It’s unclear how an extension north through the rainforest from the highway’s current terminus will further contribute to increased soy exports, however.
Though Santa Rosa didn’t indicate the precise route, the BR-163 extension will likely cut through five protected areas in the Amazon. This could include the 16,400 square-mile Grão-Pará Ecological Station, one of the largest fully-protected tropical forest conservation units in the world.
Santa Rosa sidestepped queries about the project’s timeline and implementation, stating the president first had to issue a bill that instituted Barão do Rio Branco as an official project. He also didn’t mention how to foot the likely billion-dollar bill.
Bolsonaro thinks the Amazon is a ‘vast unfarmed tract of land’ to develop
Santa Rosa said the proposed projects are intended to benefit local Brazilians. He added that integrating Brazil’s somewhat isolated Calha Norte region – everything north of the Amazon River to the Suriname and Guyanese borders – with the rest of country via these projects will create employment and economic opportunities.
“The Amazon population has 10 million people living below the poverty line and it is not acceptable to close our eyes to this region and treat it as an unproductive latifúndio,” he said in the radio interview. Latifúndio means a “vast unfarmed tract of land.”
Walker also noted that three projects will be built in areas rich with natural resources. The Trombetas River, where the hydroelectric dam will be built, passes through a region with abundant reserves of bauxite, he said. Bauxite is used in the production of aluminium.
The bridge and highway are being built in the state of Pará, Walker said, and meant to better integrate the isolated state of Amapa with the national economy.
Until now, “Amapa has remained undeveloped, a vast reservoir of biodiversity,” he said.
But the Amapa-Pará border is home to the National Reserve of Copper and Associates (RENCA), a 17,760 square-mile piece of land rich in copper and other mineral resources. Former Brazilian president Michel Temer opened the once-protected area to commercial mining in 2017. A highway leading to and from RENCA could enable Brazil to more effectively mine those resources.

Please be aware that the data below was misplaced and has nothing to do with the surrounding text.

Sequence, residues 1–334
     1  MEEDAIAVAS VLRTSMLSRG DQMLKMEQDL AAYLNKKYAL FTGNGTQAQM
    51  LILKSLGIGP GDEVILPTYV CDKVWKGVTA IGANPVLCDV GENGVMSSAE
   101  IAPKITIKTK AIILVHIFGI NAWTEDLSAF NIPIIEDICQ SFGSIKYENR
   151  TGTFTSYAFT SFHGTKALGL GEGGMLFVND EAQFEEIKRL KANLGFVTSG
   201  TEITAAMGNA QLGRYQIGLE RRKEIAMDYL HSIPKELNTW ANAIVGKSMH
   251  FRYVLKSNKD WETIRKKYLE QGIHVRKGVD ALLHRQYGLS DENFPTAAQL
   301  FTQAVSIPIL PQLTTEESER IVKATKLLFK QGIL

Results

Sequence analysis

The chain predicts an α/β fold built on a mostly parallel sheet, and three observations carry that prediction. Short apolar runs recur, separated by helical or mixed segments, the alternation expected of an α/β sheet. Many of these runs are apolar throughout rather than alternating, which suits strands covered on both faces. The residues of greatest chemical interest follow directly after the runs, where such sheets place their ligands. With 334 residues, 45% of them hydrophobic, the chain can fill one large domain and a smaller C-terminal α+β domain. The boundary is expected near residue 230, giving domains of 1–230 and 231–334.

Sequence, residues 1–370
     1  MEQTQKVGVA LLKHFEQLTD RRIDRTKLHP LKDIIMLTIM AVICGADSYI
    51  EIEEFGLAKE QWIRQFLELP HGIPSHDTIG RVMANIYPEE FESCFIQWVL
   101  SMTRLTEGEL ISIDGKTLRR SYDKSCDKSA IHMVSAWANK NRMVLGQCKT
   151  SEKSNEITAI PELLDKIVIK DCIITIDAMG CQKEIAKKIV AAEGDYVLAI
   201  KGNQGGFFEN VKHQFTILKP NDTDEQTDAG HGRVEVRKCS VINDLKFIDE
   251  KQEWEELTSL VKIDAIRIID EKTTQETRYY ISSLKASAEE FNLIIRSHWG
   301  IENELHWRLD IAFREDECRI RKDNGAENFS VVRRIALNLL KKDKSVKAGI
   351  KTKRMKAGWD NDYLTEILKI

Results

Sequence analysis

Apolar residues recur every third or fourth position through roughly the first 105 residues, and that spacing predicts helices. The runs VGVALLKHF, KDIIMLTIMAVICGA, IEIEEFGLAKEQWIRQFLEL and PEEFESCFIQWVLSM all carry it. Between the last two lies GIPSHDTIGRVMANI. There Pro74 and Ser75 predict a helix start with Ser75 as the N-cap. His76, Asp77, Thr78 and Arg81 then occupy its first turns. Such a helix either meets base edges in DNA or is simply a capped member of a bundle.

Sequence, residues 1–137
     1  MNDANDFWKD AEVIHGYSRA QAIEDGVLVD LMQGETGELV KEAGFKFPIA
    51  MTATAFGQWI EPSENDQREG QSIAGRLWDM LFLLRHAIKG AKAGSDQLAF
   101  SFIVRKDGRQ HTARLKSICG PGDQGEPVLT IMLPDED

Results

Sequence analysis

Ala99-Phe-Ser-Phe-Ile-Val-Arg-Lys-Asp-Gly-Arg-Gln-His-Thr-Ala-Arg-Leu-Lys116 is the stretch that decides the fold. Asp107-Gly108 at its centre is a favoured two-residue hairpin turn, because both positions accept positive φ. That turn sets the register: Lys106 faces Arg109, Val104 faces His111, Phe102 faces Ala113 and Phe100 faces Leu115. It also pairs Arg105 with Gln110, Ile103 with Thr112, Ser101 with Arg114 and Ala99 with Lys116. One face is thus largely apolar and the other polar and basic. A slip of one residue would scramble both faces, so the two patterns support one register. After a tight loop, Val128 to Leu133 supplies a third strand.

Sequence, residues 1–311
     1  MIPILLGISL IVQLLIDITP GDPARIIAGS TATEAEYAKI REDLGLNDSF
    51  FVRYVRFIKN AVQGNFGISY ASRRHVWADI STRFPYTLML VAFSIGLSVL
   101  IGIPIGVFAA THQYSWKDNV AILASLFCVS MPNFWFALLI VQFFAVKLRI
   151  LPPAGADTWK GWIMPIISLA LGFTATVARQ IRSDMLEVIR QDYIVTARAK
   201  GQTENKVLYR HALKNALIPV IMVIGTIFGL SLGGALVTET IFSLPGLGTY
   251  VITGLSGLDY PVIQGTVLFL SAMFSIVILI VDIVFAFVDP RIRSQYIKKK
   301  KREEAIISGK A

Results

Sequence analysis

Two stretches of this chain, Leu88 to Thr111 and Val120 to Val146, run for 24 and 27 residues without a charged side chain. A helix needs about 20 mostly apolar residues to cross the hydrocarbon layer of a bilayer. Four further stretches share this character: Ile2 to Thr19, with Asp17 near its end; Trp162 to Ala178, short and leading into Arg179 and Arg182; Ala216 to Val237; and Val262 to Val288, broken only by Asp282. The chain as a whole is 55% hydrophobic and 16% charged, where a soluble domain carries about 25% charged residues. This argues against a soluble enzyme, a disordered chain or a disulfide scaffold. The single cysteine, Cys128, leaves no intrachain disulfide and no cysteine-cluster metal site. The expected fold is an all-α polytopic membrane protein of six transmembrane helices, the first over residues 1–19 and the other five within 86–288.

By extending the highway an additional 300 miles northward, BR-163 would effectively connect Amapa and Brazil’s northern border with the country’s central grain-producing region.
One of the other benefits of the highway, according to Santa Rosa, “is integrating this region that was desertic so far.”
Walker thinks that the location of the proposed infrastructure provides circumstantial evidence that Bolsonaro is prepared to surrender large tracts of the Amazon to mining interests.
‘The attack on the Amazon’ has begun
The project announcement came just days before Bolsonaro took the stage at the World Economic Forum in Davos, Switzerland on January 22.
“Brazil is a paradise, he said at Davos, according to Quartz. “We are the one country that most preserves the environment.”
Bolsonaro said his goal is to balance environment and biodiversity with economic opportunities. But Walker was quick to point out that the Barão do Rio Branco plan is far more consistent with the statements Bolsonaro made during his campaign – that he would open the Amazon to development despite environmental laws and commitments to indigenous peoples – than his statements at the World Economic Forum.
The three projects will impact local Amazonian tribes in addition to the rainforest itself. The Trombetas dam would impact four indigenous reserves and eight quilombos (communities founded by runaway slaves), Mongabay reported.
The location of the road project on BR-163 also signals a continued assault on the homeland of the Munduruku Tribe, Walker said. The Munduruku number less than 5,000 and have claim to land in the States of Pará and Mato Grosso.
“I think we are headed for a very dark period in the history of Brazil,” the University of Sao Paulo’s Artaxo told Science.
“The attack on the Amazon anticipated with Bolsonaro’s election has begun,” Walker said.